Editorial comment – Keeping our roads safe

The wrecked vehicle which claimed the life of a woman on Taveuni. Picture SUPPLIED

Police yesterday confirmed the death of a woman in a road accident on Taveuni.

The woman’s husband and two sons were admitted at the Taveuni Hospital as a result of a head-on crash yesterday morning.

The family, according to police reports, was heading towards Matei in their twin-cab when it collided with a truck making its way towards Naselesele Village.

This happened at Vacala, claiming the life of Adi Losana Raravuya.

Her husband, Bukanisa Naivalu, was driving the vehicle and suffered serious injuries as a result of the impact. Their two sons were also injured.

The family lives at Nasarata in Somosomo Village.

The road death toll now stands at 55 compared with 65 for the same period last year.

Police statistics confirm there were 55,235 speeding infringements recorded by police this year.

There were 4416 cases of careless driving, 2202 cases of people not wearing seat belts, 132 cases of people driving without a driving licence and 344 cases of people driving with an expired driving licence.

Police confirmed the total number of traffic infringement notices served to date were 126,740, and drunk and drive arrests were 880.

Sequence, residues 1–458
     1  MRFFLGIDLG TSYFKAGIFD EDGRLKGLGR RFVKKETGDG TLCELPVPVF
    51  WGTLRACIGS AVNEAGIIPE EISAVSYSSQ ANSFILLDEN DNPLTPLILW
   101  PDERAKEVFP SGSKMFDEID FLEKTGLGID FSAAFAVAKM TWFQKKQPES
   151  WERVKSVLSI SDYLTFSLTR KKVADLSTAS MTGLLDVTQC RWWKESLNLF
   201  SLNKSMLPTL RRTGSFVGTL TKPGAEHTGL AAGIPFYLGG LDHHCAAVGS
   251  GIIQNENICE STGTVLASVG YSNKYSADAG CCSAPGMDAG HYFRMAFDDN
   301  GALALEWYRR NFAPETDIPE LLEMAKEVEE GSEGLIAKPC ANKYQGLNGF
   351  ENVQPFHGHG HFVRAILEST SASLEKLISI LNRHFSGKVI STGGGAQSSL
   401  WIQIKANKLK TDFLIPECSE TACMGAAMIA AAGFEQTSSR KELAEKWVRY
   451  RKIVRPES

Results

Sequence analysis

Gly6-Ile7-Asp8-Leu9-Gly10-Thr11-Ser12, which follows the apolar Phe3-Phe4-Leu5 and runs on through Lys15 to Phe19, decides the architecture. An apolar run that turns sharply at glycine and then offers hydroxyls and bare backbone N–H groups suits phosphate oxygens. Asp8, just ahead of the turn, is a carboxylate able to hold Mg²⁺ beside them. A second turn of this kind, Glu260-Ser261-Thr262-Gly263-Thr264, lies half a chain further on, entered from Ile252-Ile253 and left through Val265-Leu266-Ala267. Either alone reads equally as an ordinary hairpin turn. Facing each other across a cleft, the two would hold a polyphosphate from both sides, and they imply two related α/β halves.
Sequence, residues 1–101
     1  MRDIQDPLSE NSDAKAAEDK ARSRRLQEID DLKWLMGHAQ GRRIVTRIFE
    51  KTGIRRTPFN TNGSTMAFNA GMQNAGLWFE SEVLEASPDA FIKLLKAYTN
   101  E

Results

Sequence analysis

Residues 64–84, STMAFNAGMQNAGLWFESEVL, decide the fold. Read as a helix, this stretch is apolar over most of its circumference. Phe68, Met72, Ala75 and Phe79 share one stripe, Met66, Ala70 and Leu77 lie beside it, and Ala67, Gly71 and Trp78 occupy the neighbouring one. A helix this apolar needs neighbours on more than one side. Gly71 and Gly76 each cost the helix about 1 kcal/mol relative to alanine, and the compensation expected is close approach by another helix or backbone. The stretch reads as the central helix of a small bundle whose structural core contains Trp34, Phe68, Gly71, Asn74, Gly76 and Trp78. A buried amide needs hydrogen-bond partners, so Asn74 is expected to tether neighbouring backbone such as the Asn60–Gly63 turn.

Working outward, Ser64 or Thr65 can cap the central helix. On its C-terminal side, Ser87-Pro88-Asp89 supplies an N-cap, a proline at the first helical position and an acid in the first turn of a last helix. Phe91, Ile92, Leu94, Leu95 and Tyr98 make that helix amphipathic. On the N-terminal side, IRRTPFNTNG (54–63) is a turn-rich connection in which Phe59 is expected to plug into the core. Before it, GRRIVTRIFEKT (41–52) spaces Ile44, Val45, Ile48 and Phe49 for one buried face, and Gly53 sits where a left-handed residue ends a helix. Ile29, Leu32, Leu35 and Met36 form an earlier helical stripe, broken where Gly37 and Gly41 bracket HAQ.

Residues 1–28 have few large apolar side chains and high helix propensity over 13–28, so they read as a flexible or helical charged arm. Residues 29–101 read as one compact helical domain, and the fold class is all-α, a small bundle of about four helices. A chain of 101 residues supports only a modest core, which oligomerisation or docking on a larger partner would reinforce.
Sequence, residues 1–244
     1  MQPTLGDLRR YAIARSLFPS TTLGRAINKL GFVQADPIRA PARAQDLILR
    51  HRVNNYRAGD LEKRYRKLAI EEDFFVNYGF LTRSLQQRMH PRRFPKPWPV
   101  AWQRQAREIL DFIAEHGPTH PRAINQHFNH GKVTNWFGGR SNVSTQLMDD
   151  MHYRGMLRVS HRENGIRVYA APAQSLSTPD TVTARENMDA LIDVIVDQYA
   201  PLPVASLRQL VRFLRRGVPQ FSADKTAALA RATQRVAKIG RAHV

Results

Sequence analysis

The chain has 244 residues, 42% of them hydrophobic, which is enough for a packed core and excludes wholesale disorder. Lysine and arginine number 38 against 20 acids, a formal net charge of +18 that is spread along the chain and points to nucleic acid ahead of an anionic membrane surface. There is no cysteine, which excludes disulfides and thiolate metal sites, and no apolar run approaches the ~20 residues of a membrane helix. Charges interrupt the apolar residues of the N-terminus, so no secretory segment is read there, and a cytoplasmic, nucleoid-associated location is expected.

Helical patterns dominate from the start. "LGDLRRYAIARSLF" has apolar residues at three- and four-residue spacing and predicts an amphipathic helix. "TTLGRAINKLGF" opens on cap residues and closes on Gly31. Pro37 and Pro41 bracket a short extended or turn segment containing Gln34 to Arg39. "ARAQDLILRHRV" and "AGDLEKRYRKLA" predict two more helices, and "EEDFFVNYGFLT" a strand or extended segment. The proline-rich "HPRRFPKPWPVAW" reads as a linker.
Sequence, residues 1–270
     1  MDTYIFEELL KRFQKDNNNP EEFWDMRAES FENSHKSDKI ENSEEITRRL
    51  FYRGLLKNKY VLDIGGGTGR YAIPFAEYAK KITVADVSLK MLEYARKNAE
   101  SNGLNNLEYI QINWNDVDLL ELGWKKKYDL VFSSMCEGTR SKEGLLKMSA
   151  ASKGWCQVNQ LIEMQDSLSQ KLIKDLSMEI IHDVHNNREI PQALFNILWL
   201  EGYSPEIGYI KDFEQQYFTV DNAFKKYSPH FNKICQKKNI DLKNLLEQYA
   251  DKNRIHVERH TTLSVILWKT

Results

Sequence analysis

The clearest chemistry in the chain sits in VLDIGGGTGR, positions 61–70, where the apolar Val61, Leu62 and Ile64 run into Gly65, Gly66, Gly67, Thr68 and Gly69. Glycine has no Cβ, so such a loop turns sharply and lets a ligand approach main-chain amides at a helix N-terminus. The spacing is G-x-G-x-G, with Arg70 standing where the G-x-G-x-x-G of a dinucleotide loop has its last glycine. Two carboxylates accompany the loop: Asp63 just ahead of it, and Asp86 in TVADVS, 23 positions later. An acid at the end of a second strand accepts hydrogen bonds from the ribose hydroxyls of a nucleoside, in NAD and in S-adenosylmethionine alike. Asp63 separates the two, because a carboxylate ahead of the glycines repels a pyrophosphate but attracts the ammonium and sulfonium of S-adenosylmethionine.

There are road accidents because we allow them to happen. When we look at the causes of fatal accidents, speeding, driver fatigue and “pedestrians at fault” stand out on police statistics.

There were 19 accidents caused by speeding this year compared with 32 last year, and 31 in 2017. Pedestrians were at fault in seven accidents this year compared with six last year and seven in 2017. Driver fatigue caused five accidents this year compared with four last year and one in 2017.

There is a slight drop in the figures which, hopefully, is a positive reflection of the efforts of all stakeholders.

It is critical that we understand and embrace road safety.

As we head into the festive season, we are reminded about the need to adhere to laws that govern road usage in Fiji. They are there for a reason. They ensure there is safety on our roads and they are supposed to instil confidence in our transport system.

However, every time a road accident happens, and there is a fatality, we hit a brickwall.

It seems we go on a campaign every year, discussing and highlighting road safety, yet every year, we record fatalities. It’s like playing a record permanently on replay mode.

The onus is really on us as road users to do the right thing.

That means adhering to road laws, embracing road safety and placing value on family and loved ones.

Police director of traffic, Senior Superintendent of Police Mahesh Mishra and his men and women in blue need our support to keep our roads safe.

They cannot do this on their own.

We must take a lead role as well.

Plan to arrive safely, and alive at your destination this festive season. Let’s keep our roads safe.

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